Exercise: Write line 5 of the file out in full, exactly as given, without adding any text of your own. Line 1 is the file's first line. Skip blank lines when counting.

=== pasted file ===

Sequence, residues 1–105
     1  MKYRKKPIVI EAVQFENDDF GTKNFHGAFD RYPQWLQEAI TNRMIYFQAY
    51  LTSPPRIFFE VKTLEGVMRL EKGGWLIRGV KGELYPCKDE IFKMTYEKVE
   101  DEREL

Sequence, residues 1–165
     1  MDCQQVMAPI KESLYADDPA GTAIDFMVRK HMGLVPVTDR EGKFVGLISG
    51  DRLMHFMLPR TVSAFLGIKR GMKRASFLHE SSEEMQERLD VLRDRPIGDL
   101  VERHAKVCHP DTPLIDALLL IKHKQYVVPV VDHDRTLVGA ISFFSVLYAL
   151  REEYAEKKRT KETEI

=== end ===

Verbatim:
Sequence, residues 1–165